Abstract-Design of Analog Transmitter and Receiver using MOSFETS for optimization of power dissipated and maximization of bandwidth. Design of transmitter circuit according to current levels at the output and design of receiver using common gate amplifier cascade.
I. I NTRODUCTION
Communication means exchange of information through signals. It can be of two types 1.Analog Communication 2.Digital Communication. Analog communication means the signals which are used are continuous in time domain and amplitude domain. Digital communication means the signals which are used are discrete in time domain and amplitude domain. For communication we need transmitter and receiver. Transmitter means a set of equipment used to transmit messages. Receiver means a set of equipment used to receive the transmitted signals. There are many factors to consider while communication they are: consider 1.Bandwidth 2.Speed of transmission 3.Noise immunity 4.Power dissipation 5.Signal attenuation. Hence our objective is to design an analog transmitter and receiver circuit with optimization in power dissipation and maximization of bandwidth. We design the transmitter and Receiver using Metal Oxide Semiconductor Field Effect Transistors(MOSFETS).We used MOSFETS to design the current mirror circuit and the differential amplifier circuit on the transmitter side and common gate amplifier on the receiver side. Clear cut design of transmitter and receiver is presented below.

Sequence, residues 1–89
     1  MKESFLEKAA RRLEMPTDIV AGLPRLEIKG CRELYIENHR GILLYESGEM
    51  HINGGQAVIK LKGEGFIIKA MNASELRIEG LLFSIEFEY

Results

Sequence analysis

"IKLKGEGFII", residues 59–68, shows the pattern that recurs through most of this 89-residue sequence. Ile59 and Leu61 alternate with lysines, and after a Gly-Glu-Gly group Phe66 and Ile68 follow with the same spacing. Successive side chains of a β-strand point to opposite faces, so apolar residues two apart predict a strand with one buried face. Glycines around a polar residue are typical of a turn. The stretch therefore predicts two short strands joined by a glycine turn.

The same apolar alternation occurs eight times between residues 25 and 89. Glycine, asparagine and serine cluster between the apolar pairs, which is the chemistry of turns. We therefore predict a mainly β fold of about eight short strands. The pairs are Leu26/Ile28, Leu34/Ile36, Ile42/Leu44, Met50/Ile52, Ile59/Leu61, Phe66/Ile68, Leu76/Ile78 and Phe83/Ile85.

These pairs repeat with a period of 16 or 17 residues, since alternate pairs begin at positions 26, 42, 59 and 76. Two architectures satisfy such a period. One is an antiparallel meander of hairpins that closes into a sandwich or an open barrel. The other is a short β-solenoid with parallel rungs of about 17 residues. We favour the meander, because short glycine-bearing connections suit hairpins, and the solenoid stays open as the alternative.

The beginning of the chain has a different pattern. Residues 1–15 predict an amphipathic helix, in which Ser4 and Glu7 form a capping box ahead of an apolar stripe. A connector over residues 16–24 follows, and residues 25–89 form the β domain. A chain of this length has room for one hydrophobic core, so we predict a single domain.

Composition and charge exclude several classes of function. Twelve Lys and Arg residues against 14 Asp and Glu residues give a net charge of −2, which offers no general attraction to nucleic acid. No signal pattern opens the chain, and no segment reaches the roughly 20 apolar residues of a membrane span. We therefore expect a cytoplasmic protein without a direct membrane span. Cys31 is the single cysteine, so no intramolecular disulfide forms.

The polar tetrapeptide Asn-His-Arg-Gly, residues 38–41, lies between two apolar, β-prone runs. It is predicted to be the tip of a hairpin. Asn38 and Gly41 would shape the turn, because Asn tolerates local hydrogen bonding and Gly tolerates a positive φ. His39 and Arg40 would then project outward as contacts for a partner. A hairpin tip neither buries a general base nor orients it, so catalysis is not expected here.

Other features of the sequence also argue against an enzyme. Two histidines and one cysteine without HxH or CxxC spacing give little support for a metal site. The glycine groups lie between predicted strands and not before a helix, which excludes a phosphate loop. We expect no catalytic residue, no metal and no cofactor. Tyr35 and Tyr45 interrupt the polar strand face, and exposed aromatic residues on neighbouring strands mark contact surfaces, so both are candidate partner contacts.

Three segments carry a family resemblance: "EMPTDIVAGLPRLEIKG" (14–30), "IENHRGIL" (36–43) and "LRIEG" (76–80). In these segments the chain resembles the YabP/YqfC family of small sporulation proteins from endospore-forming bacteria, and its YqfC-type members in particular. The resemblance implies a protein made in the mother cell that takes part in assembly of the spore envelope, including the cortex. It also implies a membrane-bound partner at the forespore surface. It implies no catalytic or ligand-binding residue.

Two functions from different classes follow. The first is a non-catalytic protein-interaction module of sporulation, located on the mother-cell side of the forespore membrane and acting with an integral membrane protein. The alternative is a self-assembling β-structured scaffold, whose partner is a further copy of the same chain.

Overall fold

II. DESIGN OF TRANSMITTER
We give pulse as input signal and get dc current by using a current mirror. A current mirror is a circuit designed to copy a current through one active device by controlling the current in another active device of a circuit, keeping the output current constant regardless of loading. The current being 'copied' can be, and sometimes is, a varying signal current. Conceptually, an ideal current mirror is simply an ideal inverting current amplifier that reverses the current direction as well or it is a current-controlled current source. The current mirror is used to provide bias currents and active loads to circuits. It can also be used to model a more realistic current source (since ideal current sources don't exist).
This setup only allows the current when gate voltage is very high. Here the voltage pulses we are giving as input are transmitted as current pulses through channel. Clock is fed through and an alternative path is provided by another pair of MOSFETS so that there is always current flowing in the current mirror branch. There pulse is given in inverted form as input. The resistor values and (W/L) values are chosen so that all the MOSFETs are in saturation region as well as for getting least rise time.
Fig1: circuit diagram of the transmitter
Here the pulse signal which is given as input is transmitted in the form of current pulses through the transmitter. The current mirror output is connected to the differential amplifier input. The differential amplifier is constructed using NMOS and PMOS. From the differential amplifiers output is the output of the transmitter. The output wave form of the transmitter is as follows